Under increasing pressure, and facing strikes at state-owned companies and mass protests, Lukashenko vowed Monday that he would have to be killed before he bent to demands for new elections.
“You are talking about unfair elections and want to have fair elections?” he asked the crowd of workers at the Minsk Wheeled Tractor Plant, who shouted “Yes” in response. “I am answering your question. We held elections. Until you kill me, there will be no other elections.”
The president said he would never yield to public pressure but conceded that he would be willing to share power under a new constitution.
“We cannot put the constitution into the hands of God knows who because there would be trouble in that case,” he told the workers, state news agency BelTA reported. Lukashenko said he was willing to redistribute presidential powers through constitutional changes, “but that won’t happen under pressure or through street protests.”
Later he appeared to reverse course, suggesting that new elections may be possible after a new constitution is passed.
But the opposition is likely to be wary of Lukashenko’s vague promise of future constitutional changes leading to possible new elections.
The protests were triggered by the official result, which gave Lukashenko 80.1 percent of the vote compared with 10.1 percent for rival Svetlana Tikhanovskaya. The unrest has also been fueled by violence against peaceful protesters by riot police.
The strikes at state-owned factories indicate that bedrock of support from Lukashenko’s traditional base is crumbling. Even workers at the state television and radio broadcaster Belteleradiocompany walked off their jobs to demand the resignation of the head of the Central Election Commission, the release of political prisoners, and new free and fair elections. Several state TV presenters have resigned.
In addition to the Minsk Wheeled Tractor Plant, strikes were reported at Belaruskali, one of the world’s biggest producers and exporters of potash fertilizer; the Minsk Automobile Plant; and the Belarusan Metallurgical Plant. Workers at the oil company Naftan and the Mozyr refinery also were on strike.
On Monday evening, protesters marched to the Minsk Detention Center No. 1 in central Minsk demanding the release of political prisoners. Another protest sprang up outside the Yanka Kupala National Theater, after Director Pavel Latushka was dismissed over an appeal by its performers to authorities to end violence against peaceful protesters and hold new elections.
Lukashenko has ruled Belarus since 1994 through flawed elections, disregarding constitutional term limits, jailing critics and election rivals, and cracking down on protests. But the depth of anger over the Aug. 9 election has put him under more pressure than before, prompting him to turn to Russia. Claiming that Belarus faces threats from external enemies, he has been seeking guarantees of support.
Tensions have increased in recent years between the two allies as Russia pushes Belarus to fulfill a 1999 agreement for a union of the two countries, on which Lukashenko has been stalling. But Lukashenko’s desperate appeals to Russian President Vladimir Putin over the weekend underscore that Russia remains Belarus’s most important partner.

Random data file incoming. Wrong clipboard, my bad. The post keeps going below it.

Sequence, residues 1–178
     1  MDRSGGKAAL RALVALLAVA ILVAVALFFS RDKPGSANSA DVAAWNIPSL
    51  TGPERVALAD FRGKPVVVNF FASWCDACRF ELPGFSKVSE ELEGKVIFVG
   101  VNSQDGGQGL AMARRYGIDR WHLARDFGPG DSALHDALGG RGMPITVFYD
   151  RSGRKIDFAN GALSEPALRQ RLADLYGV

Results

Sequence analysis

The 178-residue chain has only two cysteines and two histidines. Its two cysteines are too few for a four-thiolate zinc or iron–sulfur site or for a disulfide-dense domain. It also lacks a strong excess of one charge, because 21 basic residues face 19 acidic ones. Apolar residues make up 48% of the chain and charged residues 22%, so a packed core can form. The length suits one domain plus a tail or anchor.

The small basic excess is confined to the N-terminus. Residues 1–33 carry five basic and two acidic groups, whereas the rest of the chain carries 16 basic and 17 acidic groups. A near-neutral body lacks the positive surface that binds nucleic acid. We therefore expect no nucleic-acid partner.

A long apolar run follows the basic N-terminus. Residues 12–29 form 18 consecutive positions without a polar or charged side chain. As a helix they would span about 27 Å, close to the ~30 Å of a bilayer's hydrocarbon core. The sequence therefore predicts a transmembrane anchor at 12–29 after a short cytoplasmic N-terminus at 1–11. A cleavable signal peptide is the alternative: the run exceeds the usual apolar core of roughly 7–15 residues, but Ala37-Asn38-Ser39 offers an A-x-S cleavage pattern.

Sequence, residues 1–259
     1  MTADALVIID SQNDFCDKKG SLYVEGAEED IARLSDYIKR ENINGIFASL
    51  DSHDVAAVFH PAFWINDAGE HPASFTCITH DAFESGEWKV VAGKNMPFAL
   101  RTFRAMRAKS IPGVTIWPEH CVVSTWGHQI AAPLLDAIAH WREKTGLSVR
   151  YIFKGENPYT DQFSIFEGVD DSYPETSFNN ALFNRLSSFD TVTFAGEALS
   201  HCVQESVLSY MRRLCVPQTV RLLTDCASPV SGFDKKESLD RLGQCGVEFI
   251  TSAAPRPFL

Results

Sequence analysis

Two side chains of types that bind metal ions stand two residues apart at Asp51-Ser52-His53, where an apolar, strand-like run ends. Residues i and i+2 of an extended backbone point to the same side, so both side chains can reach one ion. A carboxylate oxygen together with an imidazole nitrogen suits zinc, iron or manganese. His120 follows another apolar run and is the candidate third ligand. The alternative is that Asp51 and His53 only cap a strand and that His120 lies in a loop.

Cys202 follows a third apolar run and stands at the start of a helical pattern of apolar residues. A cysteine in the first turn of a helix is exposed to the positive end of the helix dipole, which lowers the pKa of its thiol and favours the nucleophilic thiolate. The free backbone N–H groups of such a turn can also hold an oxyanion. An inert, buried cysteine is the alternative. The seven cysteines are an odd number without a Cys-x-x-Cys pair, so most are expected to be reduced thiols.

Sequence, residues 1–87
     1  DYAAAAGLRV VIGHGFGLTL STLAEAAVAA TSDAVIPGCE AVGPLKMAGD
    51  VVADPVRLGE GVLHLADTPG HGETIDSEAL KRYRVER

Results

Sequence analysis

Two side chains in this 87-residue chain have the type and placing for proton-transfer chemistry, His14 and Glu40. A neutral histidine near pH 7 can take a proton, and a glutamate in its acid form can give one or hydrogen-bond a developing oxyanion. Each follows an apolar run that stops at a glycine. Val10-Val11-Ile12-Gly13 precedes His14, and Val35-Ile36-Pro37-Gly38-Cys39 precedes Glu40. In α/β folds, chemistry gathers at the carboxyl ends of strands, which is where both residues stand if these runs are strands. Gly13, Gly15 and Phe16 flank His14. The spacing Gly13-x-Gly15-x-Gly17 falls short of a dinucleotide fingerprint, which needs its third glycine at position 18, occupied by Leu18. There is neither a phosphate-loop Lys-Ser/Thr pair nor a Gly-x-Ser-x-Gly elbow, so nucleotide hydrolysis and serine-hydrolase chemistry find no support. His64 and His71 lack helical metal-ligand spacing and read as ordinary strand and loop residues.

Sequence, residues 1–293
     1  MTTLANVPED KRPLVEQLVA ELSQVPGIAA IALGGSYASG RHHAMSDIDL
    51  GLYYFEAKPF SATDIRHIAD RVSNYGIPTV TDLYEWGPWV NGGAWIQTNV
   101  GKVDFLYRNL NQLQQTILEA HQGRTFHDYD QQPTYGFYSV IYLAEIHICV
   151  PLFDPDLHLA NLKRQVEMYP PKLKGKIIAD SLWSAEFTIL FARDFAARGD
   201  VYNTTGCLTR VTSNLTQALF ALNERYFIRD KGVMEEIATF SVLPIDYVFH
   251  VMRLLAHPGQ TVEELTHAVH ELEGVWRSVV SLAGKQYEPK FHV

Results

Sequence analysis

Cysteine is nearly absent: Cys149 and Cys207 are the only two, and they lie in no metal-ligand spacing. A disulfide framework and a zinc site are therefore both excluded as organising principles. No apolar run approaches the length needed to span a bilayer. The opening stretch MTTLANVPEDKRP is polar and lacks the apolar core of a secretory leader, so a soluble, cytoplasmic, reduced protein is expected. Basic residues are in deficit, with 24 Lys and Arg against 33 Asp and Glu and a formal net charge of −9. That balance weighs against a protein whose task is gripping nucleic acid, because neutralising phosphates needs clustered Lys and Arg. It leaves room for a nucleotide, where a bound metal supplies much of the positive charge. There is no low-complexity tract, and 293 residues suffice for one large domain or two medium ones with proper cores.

The Belarusan prosecutor general said Monday that 122 people arrested during the protests were being held in isolation cells, and the Belarus Investigative Committee, responsible for investigating major crimes, said 600 people have filed complaints about alleged beatings while they were held in detention.
Abuses by riot police were revealed when some detainees were released in the past week. Graphic images of their injuries and bruises circulated on social media.
Health Minister Vladimir Karanik said two people were killed and 158 were injured in the protests.
Speaking to workers at the tractor plant, Lukashenko said that the strikes were having no effect and that most factories were still operating. He also visited the Minsk Automobile Plant afterward.
“Well, 150 or 200 people don’t make a difference,” he said at the tractor plant, referring to the strikes. “Whoever does not want to work and wants to leave, please, the gates are open,” he added as workers chanted “Go away!”
“You can keep on shouting,” he said amid heckling. “You are working people. You have always supported the president.”
Answering questions afterward, Lukashenko said no laws were broken during the election.
The Internet in Belarus faced new interruptions Monday, in an apparent effort by authorities to stymie protests organized through social media. Like Hong Kong’s demonstrations, the protests in Belarus have been spontaneous and leaderless, with Telegram channels and social media playing a key role.
Tikhanovskaya ran for the presidency after her husband, Sergei Tikhanovsky, a popular blogger and presidential candidate, was jailed. She united his campaign with those of two other candidates, former banker Viktor Babariko, who was jailed, and businessman Valery Tsepkalo, who was barred from running in the election and fled the country fearing arrest. Tikhanovskaya sent her children abroad before the vote and fled to Lithuania after the election following her effort to lodge a formal challenge against the election result at the Central Election Commission.
Tikhanovskaya said in a video address Monday that she was ready to be acting president of Belarus so that political prisoners could be released and new elections could be organized.
“I am ready to assume the responsibility and to act as the national leader during this period so that the country calms down and gets into the normal rhythm, and so that we release all political prisoners and rapidly prepare a legislative foundation and conditions for organizing a new presidential election — a real, fair and transparent election to be unconditionally accepted by the international community,” Tikhanovskaya said.